This has been an important and strategic debate. I congratulate the Government on encouraging such a debate by commissioning the Barker report. I also congratulate my hon. Friend Mr. Norman on giving us the opportunity to debate it in Westminster Hall; he made what I thought was one of the most cogent and accomplished speeches that I have heard in this place.
I say that I congratulate the Government, but I introduce a caveat. It seems odd that the Government should have commissioned an independent survey of housing strategy and simultaneously had two relevant Bills on the Floor of the House—the Housing Bill and the Planning and Compulsory Purchase Bill. Those Bills were debated before the report was published. If the Government want that sort of analysis, they should legislate on the back of it. They should consider the recommendations and legislate only if necessary. In that respect, the Government's chronology is subject to proper criticism.
To a degree, my observations about the Barker report have already been made, but I shall describe them briefly. First, the statistical assessment on which Barker is based is questionable. My hon. Friend the Member for Tunbridge Wells highlighted the problem of the 2001 census data, which seems to undermine the very foundation of Barker's measurement of the relationship between dwellings and households. It is also true, as my hon. Friend said, that Barker assumes that social trends will continue unabated, or in some cases counter-intuitively.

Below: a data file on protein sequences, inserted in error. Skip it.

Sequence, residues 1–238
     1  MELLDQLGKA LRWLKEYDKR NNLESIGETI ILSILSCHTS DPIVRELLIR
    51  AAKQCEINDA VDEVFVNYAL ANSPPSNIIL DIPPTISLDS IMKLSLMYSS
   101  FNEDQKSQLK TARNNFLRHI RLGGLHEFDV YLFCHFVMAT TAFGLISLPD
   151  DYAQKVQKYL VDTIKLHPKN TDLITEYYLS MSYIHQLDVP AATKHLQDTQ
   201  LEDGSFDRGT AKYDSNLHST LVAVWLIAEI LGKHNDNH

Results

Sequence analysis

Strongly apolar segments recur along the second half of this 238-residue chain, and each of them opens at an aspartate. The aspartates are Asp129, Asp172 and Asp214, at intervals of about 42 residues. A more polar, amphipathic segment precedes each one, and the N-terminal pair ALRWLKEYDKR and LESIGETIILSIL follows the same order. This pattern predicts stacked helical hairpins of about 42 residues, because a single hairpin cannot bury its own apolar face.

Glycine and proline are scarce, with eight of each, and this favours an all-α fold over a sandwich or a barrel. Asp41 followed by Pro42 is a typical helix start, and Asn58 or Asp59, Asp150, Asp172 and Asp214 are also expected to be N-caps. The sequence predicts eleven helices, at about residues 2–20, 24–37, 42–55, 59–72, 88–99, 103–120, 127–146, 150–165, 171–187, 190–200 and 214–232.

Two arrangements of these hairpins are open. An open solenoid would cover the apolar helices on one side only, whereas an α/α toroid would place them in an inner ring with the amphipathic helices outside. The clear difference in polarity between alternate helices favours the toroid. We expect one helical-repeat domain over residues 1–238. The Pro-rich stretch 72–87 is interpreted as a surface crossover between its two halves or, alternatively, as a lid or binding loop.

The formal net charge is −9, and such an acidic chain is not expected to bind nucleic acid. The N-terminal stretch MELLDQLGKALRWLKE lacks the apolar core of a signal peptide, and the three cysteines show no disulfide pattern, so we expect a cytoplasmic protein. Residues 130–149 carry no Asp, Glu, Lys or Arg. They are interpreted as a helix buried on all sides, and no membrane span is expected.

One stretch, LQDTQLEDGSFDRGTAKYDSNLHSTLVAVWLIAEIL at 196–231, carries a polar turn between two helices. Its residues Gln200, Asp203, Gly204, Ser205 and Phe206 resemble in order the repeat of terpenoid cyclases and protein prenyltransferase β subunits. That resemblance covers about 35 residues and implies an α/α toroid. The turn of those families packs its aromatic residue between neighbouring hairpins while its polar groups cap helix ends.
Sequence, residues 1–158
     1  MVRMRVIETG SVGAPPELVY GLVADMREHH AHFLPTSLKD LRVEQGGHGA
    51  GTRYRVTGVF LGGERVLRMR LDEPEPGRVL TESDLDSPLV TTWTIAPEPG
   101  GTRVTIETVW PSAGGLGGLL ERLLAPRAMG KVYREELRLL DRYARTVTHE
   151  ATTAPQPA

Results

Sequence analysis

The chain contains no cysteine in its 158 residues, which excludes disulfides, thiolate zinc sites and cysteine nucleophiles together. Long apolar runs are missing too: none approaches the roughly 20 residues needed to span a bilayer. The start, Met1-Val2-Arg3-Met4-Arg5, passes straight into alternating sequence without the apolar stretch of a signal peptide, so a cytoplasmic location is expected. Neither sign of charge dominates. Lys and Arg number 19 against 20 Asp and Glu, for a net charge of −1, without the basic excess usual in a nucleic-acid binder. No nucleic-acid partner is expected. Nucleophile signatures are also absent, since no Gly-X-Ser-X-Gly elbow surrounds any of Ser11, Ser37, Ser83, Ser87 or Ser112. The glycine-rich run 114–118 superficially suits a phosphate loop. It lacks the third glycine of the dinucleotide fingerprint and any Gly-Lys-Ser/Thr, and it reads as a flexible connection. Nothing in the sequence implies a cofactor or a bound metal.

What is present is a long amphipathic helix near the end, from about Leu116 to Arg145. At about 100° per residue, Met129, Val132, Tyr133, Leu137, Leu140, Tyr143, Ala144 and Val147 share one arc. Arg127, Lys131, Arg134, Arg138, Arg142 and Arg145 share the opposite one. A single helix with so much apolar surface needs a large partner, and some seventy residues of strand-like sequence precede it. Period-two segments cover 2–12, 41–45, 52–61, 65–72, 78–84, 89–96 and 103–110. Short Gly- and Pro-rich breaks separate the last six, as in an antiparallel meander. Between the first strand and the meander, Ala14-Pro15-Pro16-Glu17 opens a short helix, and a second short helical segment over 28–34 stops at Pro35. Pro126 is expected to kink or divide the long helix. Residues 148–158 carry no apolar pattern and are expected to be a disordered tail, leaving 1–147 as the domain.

The Government's assessment, on which Barker relies so heavily, is that the number of single-person households will decline over time, whereas anecdotal suggestions are that it will grow. It assumes that the current level of immigration will be maintained, although some would say it is unsustainable. It assumes that current social trends—divorce rates, birth rates and so on—will be maintained. The assumptions that underpin Barker are at least questionable.
In straightforward terms, the unsuitable mix of housing—that is, too little social housing, as we heard from Mr. Hopkins—and the problem of affordability, which is related not to supply but to income and mortgage eligibility, may be at the heart of the housing crisis. It is not simply about numbers, as Barker encourages us to believe.
Secondly, Barker assumes that inadequate supply is the main driver in house price inflation and house price volatility. As my hon. Friend the Member for Tunbridge Wells suggests, it is a mix of several demand-side pressures that create high house prices and keep them high. It is the low interest rates, the relative unattractiveness of alternative investment vehicles, the level of borrowing secured by housing equity and the disproportionate allure of home ownership in the British culture that have driven up house prices and kept them up.
To apply supply-side solutions to the problem would be to use an extraordinarily blunt instrument. Given that only 1 per cent. of housing is new, and that only 10 per cent. of transactions relate to new properties, the idea that one can affect house prices by supply-side means seems at best hopeful and at worst an illusion.